Swiss voters have largely accepted a reform of corporate tax rules that will scrap preferential treatment for multinational firms. Sunday’s result also means a financial boost for the country’s ailing pension system.
Two years after voters rejected a similar idea to reform corporate tax, the issue – this time linked controversially to pensions – received a clear thumbs-up.
Final figures on Sunday showed 64.4% of Swiss voters approved the government-backed plan, with none of the 26 regions voting against. Canton Vaud, where 80% were in favour, was keenest.
The legislation will bring Switzerland into line with international tax rules by ditching preferential rates offered to multinationals, while lowering baseline rates in an effort to prevent them fleeing to more attractive destinations.
And to dispel left-wing fears that these lower overall rates will mean more strain on public services and citizens, the government has promised to pump an annual CHF2 billion ($1.98 billion) into the state pension scheme as compensation.
Acceptance comes as a relief to authorities, who have been under pressure to fall into line with Organisation for Economic Co-operation and Development (OECD) and European Union (EU) rulesexternal link on fair tax practices.
Speaking at a press conference on Sunday afternoon, finance minister and current Swiss president Ueli Maurer welcomed the “robust” result that he hoped would cement Swiss competitiveness as well as bring the country back into the EU’s good books.
Indeed, throughout the lead up to the vote, the government had warned that rejecting the package would compromise Switzerland’s attractiveness for business and could spark an exodus of firms to low-tax competitors like Ireland, Singapore, or the Netherlands.
Supporters say the new system will thus provide stability and certainty for the 24,000 foreign companies based in Switzerland, which generate a quarter of Switzerland’s jobs and a third of its economic output.
Under the new regime, such firms will lose the “special status” allowing them pay less tax than normal Swiss companies, but will still be able to cut costs by claiming deductions on income from patents or spending on research and development.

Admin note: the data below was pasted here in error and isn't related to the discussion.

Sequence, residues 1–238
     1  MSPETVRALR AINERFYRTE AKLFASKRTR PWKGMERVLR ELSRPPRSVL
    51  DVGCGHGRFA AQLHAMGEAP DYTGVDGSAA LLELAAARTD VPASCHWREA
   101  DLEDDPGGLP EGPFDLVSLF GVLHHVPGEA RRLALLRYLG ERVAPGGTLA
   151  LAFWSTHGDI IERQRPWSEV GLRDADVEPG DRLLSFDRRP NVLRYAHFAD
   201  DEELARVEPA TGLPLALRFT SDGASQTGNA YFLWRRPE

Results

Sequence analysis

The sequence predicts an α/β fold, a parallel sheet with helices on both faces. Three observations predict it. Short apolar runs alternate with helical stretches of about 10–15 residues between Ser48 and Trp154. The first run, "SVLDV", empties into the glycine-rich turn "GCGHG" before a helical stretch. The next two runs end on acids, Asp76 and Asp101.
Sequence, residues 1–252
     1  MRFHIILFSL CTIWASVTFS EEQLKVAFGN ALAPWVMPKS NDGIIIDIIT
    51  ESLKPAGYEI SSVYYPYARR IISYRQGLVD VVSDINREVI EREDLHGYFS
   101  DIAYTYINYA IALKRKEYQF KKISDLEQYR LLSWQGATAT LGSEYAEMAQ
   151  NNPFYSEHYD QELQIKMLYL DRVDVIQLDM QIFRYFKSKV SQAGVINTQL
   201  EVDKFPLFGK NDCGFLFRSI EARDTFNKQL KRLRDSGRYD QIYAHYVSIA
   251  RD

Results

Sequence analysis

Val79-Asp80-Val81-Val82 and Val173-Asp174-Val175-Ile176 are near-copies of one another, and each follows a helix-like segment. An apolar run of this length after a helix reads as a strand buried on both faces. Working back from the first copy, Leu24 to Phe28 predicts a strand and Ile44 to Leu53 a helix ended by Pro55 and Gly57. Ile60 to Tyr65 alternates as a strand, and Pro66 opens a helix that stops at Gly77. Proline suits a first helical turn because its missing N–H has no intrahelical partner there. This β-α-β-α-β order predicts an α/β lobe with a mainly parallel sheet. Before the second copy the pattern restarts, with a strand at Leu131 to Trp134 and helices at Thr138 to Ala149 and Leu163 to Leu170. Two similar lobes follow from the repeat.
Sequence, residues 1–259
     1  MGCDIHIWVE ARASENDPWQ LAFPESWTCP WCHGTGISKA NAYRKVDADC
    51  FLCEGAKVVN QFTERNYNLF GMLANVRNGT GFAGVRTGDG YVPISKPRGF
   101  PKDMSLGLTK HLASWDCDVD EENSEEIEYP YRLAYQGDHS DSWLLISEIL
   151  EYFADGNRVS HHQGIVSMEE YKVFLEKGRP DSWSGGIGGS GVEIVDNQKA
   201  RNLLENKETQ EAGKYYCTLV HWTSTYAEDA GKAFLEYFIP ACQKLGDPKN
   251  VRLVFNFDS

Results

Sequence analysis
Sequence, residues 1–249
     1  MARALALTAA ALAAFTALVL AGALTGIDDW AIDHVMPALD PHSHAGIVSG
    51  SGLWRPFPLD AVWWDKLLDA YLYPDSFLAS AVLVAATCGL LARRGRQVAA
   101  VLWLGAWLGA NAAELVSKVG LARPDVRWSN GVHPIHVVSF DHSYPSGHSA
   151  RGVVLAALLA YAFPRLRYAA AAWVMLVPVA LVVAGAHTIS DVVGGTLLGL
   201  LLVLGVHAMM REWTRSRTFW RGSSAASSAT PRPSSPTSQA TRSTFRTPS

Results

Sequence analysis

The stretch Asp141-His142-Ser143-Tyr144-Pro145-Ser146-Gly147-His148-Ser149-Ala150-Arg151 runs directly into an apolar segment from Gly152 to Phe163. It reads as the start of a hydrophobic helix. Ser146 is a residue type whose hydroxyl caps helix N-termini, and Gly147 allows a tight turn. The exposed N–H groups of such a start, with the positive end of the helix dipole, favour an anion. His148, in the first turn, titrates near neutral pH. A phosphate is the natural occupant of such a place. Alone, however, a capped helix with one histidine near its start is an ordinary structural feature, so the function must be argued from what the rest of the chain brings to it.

And though the new rules are expected to produce an initial annual shortfall of some CHF2 billion in lost tax revenues, in the long-term, supporters say, failure to reform would have worked out even more costly.
While the country’s main business federation welcomed the outcome, opponents of the plan – some left-wing groups and NGOs who saw it as too generous to companies – said the result on Sunday was bad news for public services, which will suffer from lower tax receipts.
Céline Vara, vice-president of the Swiss Green Party, which opposed the plan, told public radio that the CHF2 billion drop in tax revenue would come at the expense of ordinary taxpayers. “Public services, creches, or public transport will have to be cut [to fund the loss],” she said.
Other critics, both before and following the vote, slammed the ‘artificial’ linkage of corporate tax and pensions in a single package as being undemocratic. Maurer rejected this on Sunday, saying that citizens recognised the “balance” between both issues.
The Social Democrat party, meanwhile, who supported this version of the reform (after opposing in 2017) announced on Sunday that it plans to launch an initiative to introduce a minimum threshold for tax rates across all Swiss cantons; as things stand, the ability of regions to set their own rates leads to unhealthy competition, it reckons.
Alongside the national ballot, the cantons of Geneva and Solothurn also voted on Sunday on corresponding laws to implement tax reforms at the regional level.
In Geneva, where there is a high concentration of multinational companies, voters accepted a plan to set the baseline corporate rate for all companies at 13.99%. Previously, it had been 11.6% for “special status” firms, and 24.2% for others.
The fall in tax revenue for the canton that this implies is estimated at some CHF186 million in 2020; authorities, in a mirror image of the national rhetoric, said that job security and long-term attractiveness as a business destination would compensate for the financial loss.
Voters in Solothurn, which was the region that gave the weakest “yes” to the national plan, narrowly rejected the cantonal implementation plan put to them; authorities there will have to come up with an alternative.